-Rcode1,code2,…[+e|r|Rincs]. This indirectly supplies the region by consulting the DCW (Digital Chart of the World) database and derives the bounding regions for one or more countries given by the codes. Simply append one or more comma-separated countries using either the two-character ISO 3166-1 alpha-2 convention (e.g., NO) or the full country name (e.g., Norway). To select a state within a country (if available), append .state (e.g, US.TX), or the full state name (e.g., Texas). To specify a whole continent, spell out the full continent name (e.g., -RAfrica). Finally, append any DCW collection abbreviations or full names for the extent of the collection or named region. All names are case-insensitive. The following modifiers can be appended:
+r to adjust the region boundaries to be multiples of the steps indicated by inc, xinc/yinc, or winc/einc/sinc/ninc [default is no adjustment]. For example, -RFR+r1 will select the national bounding box of France rounded to nearest integer degree, where inc can be positive to expand the region or negative to shrink the region.
+R to adjust the region by adding the amounts specified by inc, xinc/yinc, or winc/einc/sinc/ninc [default is no extension], where inc can be positive to expand the region or negative to shrink the region.
+e to adjust the region boundaries to be multiples of the steps indicated by inc, xinc/yinc, or winc/einc/sinc/ninc, while ensuring that the bounding box is adjusted by at least 0.25 times the increment [default is no adjustment], where inc can be positive to expand the region or negative to shrink the region.
-Rxmin/xmax/ymin/ymax[+uunit] specifies a region in projected units (e.g., UTM meters) where xmin/xmax/ymin/ymax are Cartesian projected coordinates compatible with the chosen projection (-J) and unit is an allowable distance unit [e]; we inversely project to determine the actual rectangular geographic region. For projected regions centered on (0,0) you may use the short-hand -Rhalfwidth[/halfheight]+uunit, where halfheight defaults to halfwidth if not given. This short-hand requires the +u modifier.
-Rjustifylon0/lat0/nx/ny, where justify is a 2-character combination of L|C|R (for left, center, or right) and T|M|B (for top, middle, or bottom) (e.g., BL for lower left). The two character code justify indicates which point on a rectangular region region the lon0/lat0 coordinates refer to and the grid dimensions nx and ny are used with grid spacings given via -I to create the corresponding region. This method can be used when creating grids. For example, -RCM25/25/50/50 specifies a 50x50 grid centered on 25,25.
-Rgridfile. This will copy the domain settings found for the grid in specified file. Note that depending on the nature of the calling module, this mechanism will also set grid spacing and possibly the grid registration (see Grid registration: The -r option).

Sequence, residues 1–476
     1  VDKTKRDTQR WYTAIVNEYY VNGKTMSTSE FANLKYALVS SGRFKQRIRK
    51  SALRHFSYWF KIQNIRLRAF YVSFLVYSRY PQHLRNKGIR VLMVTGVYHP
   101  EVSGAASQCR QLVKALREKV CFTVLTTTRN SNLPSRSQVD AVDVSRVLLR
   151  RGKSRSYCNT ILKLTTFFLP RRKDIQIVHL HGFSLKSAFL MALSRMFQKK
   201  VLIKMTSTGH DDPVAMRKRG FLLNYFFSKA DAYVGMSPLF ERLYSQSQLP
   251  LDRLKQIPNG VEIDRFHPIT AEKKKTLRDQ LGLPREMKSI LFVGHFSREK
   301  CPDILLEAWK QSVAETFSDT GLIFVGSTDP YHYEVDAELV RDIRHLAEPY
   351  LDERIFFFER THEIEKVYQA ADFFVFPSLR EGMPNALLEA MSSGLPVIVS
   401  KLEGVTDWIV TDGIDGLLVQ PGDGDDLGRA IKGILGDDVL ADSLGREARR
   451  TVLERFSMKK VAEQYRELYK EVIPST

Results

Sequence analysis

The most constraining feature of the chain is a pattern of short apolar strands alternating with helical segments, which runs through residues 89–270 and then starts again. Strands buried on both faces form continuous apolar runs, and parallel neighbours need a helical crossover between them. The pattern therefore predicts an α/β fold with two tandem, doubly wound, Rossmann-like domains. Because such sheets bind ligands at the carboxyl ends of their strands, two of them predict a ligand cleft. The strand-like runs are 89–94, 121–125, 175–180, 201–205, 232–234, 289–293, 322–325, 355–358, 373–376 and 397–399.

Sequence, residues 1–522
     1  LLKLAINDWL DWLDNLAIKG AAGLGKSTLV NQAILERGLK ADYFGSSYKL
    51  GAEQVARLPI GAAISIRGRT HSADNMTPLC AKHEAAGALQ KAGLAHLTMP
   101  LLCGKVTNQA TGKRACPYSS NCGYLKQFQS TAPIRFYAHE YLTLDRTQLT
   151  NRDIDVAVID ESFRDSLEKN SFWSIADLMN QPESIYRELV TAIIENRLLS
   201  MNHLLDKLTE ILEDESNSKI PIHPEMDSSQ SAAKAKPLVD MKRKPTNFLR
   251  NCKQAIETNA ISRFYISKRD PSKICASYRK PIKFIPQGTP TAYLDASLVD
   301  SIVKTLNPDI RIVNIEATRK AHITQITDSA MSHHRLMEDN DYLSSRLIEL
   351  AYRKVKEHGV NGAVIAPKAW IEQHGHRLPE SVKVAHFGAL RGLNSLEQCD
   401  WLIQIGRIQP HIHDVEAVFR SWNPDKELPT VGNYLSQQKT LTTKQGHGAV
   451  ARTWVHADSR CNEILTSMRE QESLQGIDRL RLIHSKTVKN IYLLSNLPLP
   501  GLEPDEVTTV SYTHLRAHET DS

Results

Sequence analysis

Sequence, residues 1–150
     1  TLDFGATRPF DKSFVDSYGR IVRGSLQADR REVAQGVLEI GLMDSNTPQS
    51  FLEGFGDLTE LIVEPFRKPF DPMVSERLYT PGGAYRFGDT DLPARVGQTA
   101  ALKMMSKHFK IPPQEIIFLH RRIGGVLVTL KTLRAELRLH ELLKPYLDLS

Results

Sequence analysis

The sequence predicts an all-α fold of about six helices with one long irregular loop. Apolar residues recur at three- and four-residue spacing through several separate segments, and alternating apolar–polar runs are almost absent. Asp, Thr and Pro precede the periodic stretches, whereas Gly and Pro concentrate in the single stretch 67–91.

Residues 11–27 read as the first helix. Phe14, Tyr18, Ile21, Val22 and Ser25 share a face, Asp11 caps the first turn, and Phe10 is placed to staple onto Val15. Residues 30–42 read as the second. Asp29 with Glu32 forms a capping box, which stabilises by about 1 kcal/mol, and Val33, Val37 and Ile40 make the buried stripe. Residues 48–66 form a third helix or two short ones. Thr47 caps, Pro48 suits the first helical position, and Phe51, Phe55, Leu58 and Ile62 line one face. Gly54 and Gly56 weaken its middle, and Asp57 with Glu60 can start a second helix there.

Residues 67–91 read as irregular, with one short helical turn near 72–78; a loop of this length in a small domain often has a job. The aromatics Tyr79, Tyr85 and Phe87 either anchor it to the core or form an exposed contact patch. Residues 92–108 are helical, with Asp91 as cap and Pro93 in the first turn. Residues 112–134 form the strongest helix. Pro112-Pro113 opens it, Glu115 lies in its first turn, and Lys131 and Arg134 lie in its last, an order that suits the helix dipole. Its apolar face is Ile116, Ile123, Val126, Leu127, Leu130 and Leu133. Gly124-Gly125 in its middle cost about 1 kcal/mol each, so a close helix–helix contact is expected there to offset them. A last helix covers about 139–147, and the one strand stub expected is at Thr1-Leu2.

-Ra[uto] or -Re[xact]. Under modern mode, and for plotting modules only, you can automatically determine the region from the data used. You can either get the exact area using -Re [Default if no -R is given] or a slightly larger area sensibly rounded outwards to the next multiple of increments that depend on the data range using -Ra.
Name of a single track. If given we restrict output to those crossovers involving this track [Default output is crossovers involving any track pair]. Append +b to print info relative to both tracks in the pair.
Name of ASCII file with a list of track names and their relative weights (one track per record) that should be used to calculate the composite crossover weight (output code w above). [Default sets weights to 1].
- -borecord[+b|l] (more …)
Select native binary format for table output.
- -^ or just -
Print a short message about the syntax of the command, then exit (Note: on Windows just use -).
- -+ or just +
Print an extensive usage (help) message, including the explanation of any module-specific option (but not the GMT common options), then exit.
- -? or no arguments
Print a complete usage (help) message, including the explanation of all options, then exit.
Temporarily override a GMT default setting; repeatable. See gmt.conf for parameters.
In moving to a more robust data record definition in GMT 6, all text items are now placed after all numerical items. For x2sys_list, this means that whereas the ID1, ID2 track ids used to be written to the first two columns, they are now placed at the end as part of the trailing text.
To find all the magnetic crossovers associated with the tag MGD77 from the file COE_data.txt, restricted to occupy a certain region in the south Pacific, and return location, time, and crossover value, try:
gmt x2sys_list COE_data.txt -V -TMGD77 -R180/240/-60/-30 -Cmag -Fxytz > mag_coe.txt
To find all the faa crossovers globally that involves track 12345678 and output time since start of the year, using a binary double precision format, try:
gmt x2sys_list COE_data.txt -V -TMGD77 -Cfaa -S12345678 -FTz -bod > faa_coe.b
Wessel, P. (2010), Tools for analyzing intersecting tracks: the x2sys package. Computers and Geosciences, 36, 348-354, https://www.researchgate.net/publication/220164039_Tools_for_analyzing_intersecting_tracks_The_x2sys_package.
Wessel, P. (1989), XOVER: A cross-over error detector for track data, Computers and Geosciences, 15(3), 333-346, https://doi.org/10.1016/0098-3004(89)90044-7.